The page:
Every book about bipolar disorder explains that itís a tricky and difficult disorder to diagnose. Yet, every book about bipolar disorder has a list of symptoms that can be ticked off identifying themselves as signs of this disease. So why is bipolar disorder hard to recognize.
After all, the wild mood swings of bipolar disorder should be most apparent to everyone. From depression for no apparent reason to an over energized, rapid talking conqueror of the world should make a diagnosis of bipolar disorder easy. But thatís where words actually fail not only the medical community, but especially the person suffering with bipolar disorder.
Letís first look at the fact that for the average person with bipolar disorder there exists an eight-year interval between the very first episode of a depression or the manic signs and the first time bipolar disorder is actually diagnosed and treated.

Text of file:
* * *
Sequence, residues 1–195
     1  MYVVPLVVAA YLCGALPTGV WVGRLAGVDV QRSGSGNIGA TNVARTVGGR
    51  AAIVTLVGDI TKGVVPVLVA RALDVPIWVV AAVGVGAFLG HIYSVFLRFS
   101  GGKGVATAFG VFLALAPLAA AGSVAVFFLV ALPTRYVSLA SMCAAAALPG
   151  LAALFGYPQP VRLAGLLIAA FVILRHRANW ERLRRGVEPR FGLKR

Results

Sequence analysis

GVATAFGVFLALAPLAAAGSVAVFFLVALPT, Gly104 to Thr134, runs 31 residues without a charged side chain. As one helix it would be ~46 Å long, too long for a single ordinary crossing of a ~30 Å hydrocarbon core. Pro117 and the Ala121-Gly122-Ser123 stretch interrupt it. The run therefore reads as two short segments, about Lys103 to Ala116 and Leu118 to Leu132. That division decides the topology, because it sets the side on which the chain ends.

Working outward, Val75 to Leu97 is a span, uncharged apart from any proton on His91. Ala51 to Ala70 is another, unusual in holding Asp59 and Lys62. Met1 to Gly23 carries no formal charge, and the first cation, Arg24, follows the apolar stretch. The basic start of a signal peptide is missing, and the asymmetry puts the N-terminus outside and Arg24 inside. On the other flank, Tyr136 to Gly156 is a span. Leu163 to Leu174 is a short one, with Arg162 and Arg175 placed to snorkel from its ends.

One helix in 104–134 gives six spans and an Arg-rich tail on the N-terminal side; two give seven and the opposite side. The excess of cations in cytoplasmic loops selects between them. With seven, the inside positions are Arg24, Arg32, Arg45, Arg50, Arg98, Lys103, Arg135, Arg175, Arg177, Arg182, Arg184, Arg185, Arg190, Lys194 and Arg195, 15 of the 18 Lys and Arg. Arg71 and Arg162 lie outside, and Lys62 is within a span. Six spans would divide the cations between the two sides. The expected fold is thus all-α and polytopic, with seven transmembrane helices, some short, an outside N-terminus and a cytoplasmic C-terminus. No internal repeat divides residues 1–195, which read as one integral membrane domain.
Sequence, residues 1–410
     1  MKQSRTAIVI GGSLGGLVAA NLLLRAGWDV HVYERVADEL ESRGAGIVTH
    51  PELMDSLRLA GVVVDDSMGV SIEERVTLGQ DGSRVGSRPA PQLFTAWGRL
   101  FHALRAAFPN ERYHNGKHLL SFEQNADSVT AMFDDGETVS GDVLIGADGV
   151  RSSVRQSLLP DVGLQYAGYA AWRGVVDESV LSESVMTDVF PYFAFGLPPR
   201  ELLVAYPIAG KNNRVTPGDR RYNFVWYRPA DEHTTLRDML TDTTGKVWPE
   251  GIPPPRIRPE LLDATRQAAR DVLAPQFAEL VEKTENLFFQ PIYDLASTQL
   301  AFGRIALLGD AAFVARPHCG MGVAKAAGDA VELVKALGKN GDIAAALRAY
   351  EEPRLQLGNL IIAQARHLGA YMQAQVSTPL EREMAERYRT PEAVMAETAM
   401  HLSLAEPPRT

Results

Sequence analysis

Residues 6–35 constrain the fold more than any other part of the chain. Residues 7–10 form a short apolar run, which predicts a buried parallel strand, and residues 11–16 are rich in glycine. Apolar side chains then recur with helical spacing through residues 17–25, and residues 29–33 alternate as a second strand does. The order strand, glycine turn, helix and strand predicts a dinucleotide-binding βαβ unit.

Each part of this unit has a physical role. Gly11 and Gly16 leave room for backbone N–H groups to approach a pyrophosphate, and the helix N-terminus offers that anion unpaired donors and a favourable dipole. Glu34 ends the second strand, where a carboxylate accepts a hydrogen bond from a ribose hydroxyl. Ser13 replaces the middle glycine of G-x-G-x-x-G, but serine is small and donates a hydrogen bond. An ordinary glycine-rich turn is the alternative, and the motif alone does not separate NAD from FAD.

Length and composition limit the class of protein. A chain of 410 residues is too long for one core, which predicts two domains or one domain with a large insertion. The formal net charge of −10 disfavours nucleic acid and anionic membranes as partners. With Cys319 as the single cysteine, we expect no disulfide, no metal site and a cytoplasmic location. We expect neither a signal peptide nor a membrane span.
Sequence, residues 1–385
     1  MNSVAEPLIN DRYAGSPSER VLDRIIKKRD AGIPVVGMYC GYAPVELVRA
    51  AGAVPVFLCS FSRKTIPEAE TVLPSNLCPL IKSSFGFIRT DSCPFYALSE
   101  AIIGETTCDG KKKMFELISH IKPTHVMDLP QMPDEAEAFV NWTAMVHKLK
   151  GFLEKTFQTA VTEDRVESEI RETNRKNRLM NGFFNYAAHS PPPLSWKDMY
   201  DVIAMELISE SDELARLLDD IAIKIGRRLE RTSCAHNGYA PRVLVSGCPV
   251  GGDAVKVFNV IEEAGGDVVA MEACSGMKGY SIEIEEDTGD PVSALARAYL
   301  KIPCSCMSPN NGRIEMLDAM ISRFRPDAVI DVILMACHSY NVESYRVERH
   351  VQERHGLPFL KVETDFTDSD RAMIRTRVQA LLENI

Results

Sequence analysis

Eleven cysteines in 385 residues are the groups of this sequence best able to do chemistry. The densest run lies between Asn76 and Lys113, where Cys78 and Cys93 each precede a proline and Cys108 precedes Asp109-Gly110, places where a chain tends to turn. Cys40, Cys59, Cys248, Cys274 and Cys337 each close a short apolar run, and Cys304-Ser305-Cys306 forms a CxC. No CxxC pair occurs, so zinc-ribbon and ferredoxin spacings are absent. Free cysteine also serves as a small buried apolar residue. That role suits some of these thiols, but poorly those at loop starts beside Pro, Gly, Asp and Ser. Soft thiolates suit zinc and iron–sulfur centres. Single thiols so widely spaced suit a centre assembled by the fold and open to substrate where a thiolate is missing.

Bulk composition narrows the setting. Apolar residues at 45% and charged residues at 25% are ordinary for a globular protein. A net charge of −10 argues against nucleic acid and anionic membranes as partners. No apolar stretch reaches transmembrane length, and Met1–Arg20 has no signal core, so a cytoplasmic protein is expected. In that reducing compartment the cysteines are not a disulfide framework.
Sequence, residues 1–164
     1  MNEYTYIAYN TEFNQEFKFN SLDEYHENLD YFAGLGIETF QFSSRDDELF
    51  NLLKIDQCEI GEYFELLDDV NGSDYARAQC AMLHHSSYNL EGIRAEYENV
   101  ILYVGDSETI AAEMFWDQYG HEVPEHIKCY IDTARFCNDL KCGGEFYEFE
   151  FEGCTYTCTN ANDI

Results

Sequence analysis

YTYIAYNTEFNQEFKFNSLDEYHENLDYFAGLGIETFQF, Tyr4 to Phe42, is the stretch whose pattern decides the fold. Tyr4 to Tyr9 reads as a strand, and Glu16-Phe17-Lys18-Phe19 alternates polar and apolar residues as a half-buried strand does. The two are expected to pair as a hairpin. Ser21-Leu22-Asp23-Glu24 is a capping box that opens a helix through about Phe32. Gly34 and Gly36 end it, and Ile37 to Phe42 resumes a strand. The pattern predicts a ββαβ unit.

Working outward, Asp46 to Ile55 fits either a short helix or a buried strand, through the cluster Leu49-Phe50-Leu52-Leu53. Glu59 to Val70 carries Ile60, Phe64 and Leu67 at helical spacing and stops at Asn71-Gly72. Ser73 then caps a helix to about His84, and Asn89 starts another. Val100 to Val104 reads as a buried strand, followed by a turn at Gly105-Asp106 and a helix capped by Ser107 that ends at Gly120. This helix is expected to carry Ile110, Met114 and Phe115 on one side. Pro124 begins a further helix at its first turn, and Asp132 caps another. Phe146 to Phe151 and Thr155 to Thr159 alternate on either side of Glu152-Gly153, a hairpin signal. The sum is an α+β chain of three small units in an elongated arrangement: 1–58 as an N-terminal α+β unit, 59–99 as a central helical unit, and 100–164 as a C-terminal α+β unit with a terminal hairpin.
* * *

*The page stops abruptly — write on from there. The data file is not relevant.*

The symptoms which we so easily describe on paper actually take a life of their own as they interlink with the person who suffers from bipolar disorder. Those who know the person suffering from bipolar disorder best are in the most unique position to actually observe that something is wrong.
But beyond that, even when two people agree on a personís core personality, there are very often two separate reasons as to the cause in the change of that personís behavior. One may suspect bipolar disorder, but the other observer may have other perfectly logical reasons for the change in behavior that have nothing to do with bipolar disorder.
Psychiatrists and psychologists and other mental health issues for a living who diagnosis bipolar disorder obviously think of bipolar disorder as a cluster of symptoms. They take these symptoms, evaluate how many and how long youíve struggled with them. From that they decide whether you are plagued with bipolar disorder.
On the other hand, the person who is struggling with possible signs of bipolar disorder sees these signals as part of ďlifeís experiencesĒ. The symptoms of the possible bipolar disorder are very much secondary in their minds to the actual factors which provoked them.
Then there are the concerned family members who may or may not see these behaviors as symptoms of bipolar disorder. Members of the family are more likely to view these behaviors as mere extensions of the individualís personality.